When I was unhappily venturing into one of my very first Real Life jobs, I was so bored and lonely that I began keeping a binder full of printouts from the internet. I would search for things, places, and ideas that made me happy to think about: co-operative governance structures, for example, which is about the dowdiest fantasy a girl can have, yet made me daydream about the day when I could live in adult housing co-op. It felt far from my then-current co-op housing situation, which had placed me with a teacher's college student who would get blind drunk on weeknights, and a plain-faced girl who eschewed deodorant and worked out in her room (with the door flung wide open) in sweaty cotton briefs. Before Pinterest would come to serve much the same function, leafing through the binder made me feel happy, inspired, far-away from my horrifically dull office job. It was a stakeholder in my sanity.
The first section of the binder is a printout of the Wikipedia page on Scandinavia. (I was big into Robyn at the time.) Being "into" a geographical region is sort of iffy, politically speaking—we tend to look down on people who get obsessive about places like Japan or Africa, because there's a whiff of cultural appropriation and/or gawking tourism—but Scandinavia, which is stuffed full of white people, seems somehow okay. I was fascinated by their reputation for happiness, for their social programming, their physical fitness, and their musical output. Here was a region of the world that suffered much the same stumbling blocks as Canada—brutal winters, a minor culinary scene (Noma notwithstanding), vast tracts of land given over to wilderness, the aforementioned white people—but the Scandinavian countries of Sweden, Denmark and Norway seemed cheerful and cozy in comparison.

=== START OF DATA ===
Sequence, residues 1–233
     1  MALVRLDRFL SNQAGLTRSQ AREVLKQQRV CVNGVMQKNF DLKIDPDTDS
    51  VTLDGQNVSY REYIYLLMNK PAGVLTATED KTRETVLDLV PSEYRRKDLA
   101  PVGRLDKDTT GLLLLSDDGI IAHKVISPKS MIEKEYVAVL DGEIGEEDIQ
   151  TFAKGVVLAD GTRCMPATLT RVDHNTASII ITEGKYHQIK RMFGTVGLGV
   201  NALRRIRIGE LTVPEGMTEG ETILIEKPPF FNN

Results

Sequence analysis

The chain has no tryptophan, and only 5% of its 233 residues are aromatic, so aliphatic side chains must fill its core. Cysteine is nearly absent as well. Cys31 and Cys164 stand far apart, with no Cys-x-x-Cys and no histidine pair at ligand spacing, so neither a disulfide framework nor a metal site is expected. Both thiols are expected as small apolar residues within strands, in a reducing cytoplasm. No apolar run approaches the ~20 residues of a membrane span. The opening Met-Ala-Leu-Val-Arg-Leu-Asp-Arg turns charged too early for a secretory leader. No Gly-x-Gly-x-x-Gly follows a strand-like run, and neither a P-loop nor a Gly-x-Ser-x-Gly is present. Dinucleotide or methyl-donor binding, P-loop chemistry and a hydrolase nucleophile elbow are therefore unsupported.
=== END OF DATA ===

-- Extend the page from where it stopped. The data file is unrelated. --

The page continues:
Take, for example, their concept of hygge. Right now, much of Canada is trapped in what's been dubbed a "polar vortex," which is causing wind chill temperatures in Toronto that bottom out near -35 C and has eaten entire cars. We've taken to Twitter to complain about the cold, staying huddled in our apartments and refusing, for the most part, to leave unless we're getting paid to do so. Two weeks after the winter solstice, it's dark out there. We feel ruthless in our misery, and no amount of morning sun can mellow us. The Danish hygge, on the other hand, is about "creating a nice, warm atmosphere and enjoying the good things in life with good people around you." They take pleasure in the company of their friends, in the aesthetic loveliness of a fireplace or a glass of stout beer, the gift of a hand-knit sweater or a well-cooked meal. It's very hard to visit on Twitter. Hygge means leaving your house to seek out good feelings. It is actively choosing to find the people and activities that make us happy.
I also love the Dala horse, a handcarved wooden toy that's become kind of a symbol of Swedish handicraft. They're carved from scraps of wooden, and often brightly painted. They're ridiculously simple, embodying the Scandinavian commitment to clean lines, but also beautiful and hefty; holding a Dala horse in your hand, you get a sense of the wood, the craft, and the time it takes to apply the latter to the former. Scandinavian design is, of course, massively influential throughout the world—hello, IKEA!—and the Dala is a lovely and portable distillation of that design. I would love a whole herd to come galloping through my house someday.
And then there's my little homegrown slice of Nordic heaven, Karelia Kitchen. When I said before that Scandinavian cuisine was minor, I meant only in comparison to the heavy-hitters like Japanese, French, and Mexican fusion. Nordic cuisine, with its reliance on highly seasonal berries, chewy breads, and smoked fish, is a thing of such ephemeral beauty, and Karelia Kitchen embodies this wonderfully. They do a wide selection of inventive open-faced sandwhiches, a lovely lunch menu (the last time I was there, I had fishcakes with a cucumber/vinegar salad), and desserts that melt in your mouth. When we were in Iceland—not technically Scandinavia, but its cultural cousin—we ate dried fish and skyr and felt very much like Vikings; the chance to recreate this feeling in Karelia's warm, Marimekko-wrapped dining room is so welcome. Also, they have the best cheesecake in the city, hands-down.
I'm writing this in a sunny Toronto living room. The windchill today is a relatively balmy -19. I have food in my fridge, a selection of Ritter Sports in my pantry, and am wearing a cozy pair of sweats. Technically, I have everything I need. But it's not quite right: I need to open the blinds, let the light really pour in. I need to meet a friend, engage in some hygge. And I need to keep opening that magical binder up to pages that make me feel truly, wonderfully, good.